For the next Macdonald Brier in 1928, the trustees decided that only individual provinces should be represented in the Canadian championship, although a couple of city rinks, rather than provincial representatives, did participate.
As a result of the rule change, the foursome of skip Gordon Hudson, third Sam Penwarden, second Ron Singbush and lead Bill Grant headed east to Toronto to represent Manitoba. The Hudson rink from the Strathcona Curling Club in Winnipeg claimed the Canadian title after winning a three-way tie-breaker series. The Hudson rink also won the Brier in the following year, and gained their place in the history of the event by being the first foursome to go through the competition undefeated.
The Brier competition the following year for Wood and his Manitoba team was stiffer. At the end of the eighth round of games at the Toronto Granite Curling Club, Alberta, skipped by Bobby Munro, led the way with a 7-1 record, while Manitoba was in second place at 6-2 with just one draw remaining.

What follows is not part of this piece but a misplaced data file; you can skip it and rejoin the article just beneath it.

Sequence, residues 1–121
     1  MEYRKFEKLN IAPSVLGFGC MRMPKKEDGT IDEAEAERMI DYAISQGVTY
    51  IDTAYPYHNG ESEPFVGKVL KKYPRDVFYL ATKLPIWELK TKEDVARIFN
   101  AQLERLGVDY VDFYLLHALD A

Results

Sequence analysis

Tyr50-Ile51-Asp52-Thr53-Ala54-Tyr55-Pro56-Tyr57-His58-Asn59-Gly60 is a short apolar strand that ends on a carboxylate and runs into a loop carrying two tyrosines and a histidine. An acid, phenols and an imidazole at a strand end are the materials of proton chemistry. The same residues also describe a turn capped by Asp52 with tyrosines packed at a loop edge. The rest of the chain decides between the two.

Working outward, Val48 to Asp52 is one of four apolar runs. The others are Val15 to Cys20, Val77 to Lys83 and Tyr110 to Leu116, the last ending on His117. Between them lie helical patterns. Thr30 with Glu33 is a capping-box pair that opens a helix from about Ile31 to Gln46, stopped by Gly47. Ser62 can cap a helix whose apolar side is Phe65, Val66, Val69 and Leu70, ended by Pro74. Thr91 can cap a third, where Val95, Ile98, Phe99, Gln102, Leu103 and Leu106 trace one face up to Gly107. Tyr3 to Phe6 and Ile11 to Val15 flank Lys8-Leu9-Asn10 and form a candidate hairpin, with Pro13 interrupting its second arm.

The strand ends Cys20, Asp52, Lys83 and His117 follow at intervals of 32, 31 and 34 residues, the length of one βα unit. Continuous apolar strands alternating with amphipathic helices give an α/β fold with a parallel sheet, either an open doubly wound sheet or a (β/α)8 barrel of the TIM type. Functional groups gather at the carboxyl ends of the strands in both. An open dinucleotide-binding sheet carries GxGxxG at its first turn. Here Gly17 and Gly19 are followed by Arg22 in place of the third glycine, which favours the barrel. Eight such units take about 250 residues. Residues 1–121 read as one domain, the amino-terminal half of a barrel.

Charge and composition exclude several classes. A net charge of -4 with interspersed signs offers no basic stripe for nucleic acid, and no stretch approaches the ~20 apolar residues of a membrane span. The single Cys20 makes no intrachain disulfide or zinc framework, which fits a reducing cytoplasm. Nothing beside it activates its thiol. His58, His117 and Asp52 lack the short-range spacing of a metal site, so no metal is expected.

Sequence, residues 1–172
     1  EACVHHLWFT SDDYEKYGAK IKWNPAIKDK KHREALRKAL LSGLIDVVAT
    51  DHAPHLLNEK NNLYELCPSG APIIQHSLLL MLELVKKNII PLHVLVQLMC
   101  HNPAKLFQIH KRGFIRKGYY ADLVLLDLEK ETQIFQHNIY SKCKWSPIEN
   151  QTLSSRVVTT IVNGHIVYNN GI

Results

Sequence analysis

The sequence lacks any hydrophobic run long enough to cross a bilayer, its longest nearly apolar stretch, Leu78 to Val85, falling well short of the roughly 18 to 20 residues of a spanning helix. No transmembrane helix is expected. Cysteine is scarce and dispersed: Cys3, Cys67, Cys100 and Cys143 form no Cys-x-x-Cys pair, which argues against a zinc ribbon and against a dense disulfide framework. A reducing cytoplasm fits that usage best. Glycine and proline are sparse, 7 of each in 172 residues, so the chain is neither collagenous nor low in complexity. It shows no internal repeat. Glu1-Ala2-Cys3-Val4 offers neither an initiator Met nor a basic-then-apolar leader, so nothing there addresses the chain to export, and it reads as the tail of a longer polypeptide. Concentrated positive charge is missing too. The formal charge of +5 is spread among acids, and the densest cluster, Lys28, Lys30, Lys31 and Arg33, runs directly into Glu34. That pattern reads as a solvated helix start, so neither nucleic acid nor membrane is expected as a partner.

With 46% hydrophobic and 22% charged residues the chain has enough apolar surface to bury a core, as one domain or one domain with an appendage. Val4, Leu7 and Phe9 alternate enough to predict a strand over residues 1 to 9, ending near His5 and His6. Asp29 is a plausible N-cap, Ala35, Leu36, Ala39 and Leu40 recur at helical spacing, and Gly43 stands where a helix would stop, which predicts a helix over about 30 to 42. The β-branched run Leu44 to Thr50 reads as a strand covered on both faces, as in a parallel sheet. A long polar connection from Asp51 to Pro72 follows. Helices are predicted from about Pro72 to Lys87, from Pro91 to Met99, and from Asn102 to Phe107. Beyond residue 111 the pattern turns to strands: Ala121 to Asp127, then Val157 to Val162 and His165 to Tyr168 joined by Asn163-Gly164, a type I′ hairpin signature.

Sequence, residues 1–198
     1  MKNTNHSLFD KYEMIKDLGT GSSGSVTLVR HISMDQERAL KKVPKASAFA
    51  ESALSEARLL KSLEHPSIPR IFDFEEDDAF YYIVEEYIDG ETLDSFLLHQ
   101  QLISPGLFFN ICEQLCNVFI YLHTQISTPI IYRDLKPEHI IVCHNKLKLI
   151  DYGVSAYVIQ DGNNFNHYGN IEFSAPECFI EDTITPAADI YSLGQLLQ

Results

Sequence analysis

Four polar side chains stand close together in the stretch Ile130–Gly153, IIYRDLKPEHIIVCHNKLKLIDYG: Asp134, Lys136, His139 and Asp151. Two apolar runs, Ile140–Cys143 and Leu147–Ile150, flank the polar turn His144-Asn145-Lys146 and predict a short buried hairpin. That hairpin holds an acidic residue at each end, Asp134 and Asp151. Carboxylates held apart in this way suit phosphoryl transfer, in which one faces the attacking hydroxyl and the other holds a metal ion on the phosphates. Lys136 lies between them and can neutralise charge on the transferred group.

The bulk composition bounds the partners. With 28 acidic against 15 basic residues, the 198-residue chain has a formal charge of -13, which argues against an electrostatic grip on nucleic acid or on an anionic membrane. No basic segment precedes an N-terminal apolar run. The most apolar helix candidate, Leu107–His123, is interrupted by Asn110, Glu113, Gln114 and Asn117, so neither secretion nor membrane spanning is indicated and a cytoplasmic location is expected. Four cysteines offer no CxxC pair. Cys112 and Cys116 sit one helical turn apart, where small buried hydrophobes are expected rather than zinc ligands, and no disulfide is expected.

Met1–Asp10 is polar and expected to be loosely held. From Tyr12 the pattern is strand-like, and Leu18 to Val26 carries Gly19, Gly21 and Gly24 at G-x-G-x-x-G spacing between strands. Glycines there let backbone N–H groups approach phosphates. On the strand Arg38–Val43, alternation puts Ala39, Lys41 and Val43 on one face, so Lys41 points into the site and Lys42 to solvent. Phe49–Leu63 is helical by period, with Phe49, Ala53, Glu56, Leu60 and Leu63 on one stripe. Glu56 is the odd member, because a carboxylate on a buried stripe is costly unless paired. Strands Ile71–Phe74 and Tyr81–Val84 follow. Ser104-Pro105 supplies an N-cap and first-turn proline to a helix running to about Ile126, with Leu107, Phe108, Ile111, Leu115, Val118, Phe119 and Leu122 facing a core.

In the last draw, Alberta struggled and dropped its final game to Québec, 15-8. In fact, Alberta’s final two games of the Brier were against two teams from Québec, one a club team from Montréal (a club team from Toronto also competed in the Brier, but a change to only provincial representatives was made for the 1932 national championship) skipped by Peter Lyall, and the other the provincial representative skipped by John Darby. Munro’s opportunity to win the Brier during round-robin play slipped away when he first lost to Peter Lyall in his second-to-last draw, and then to Darby in his final game of the nine-game series.
On the other hand, Wood’s rink soundly defeated the Nova Scotia rink, 17-3, in the last draw, which meant Alberta and Manitoba would have to play a tie-breaker to determine the Brier champion.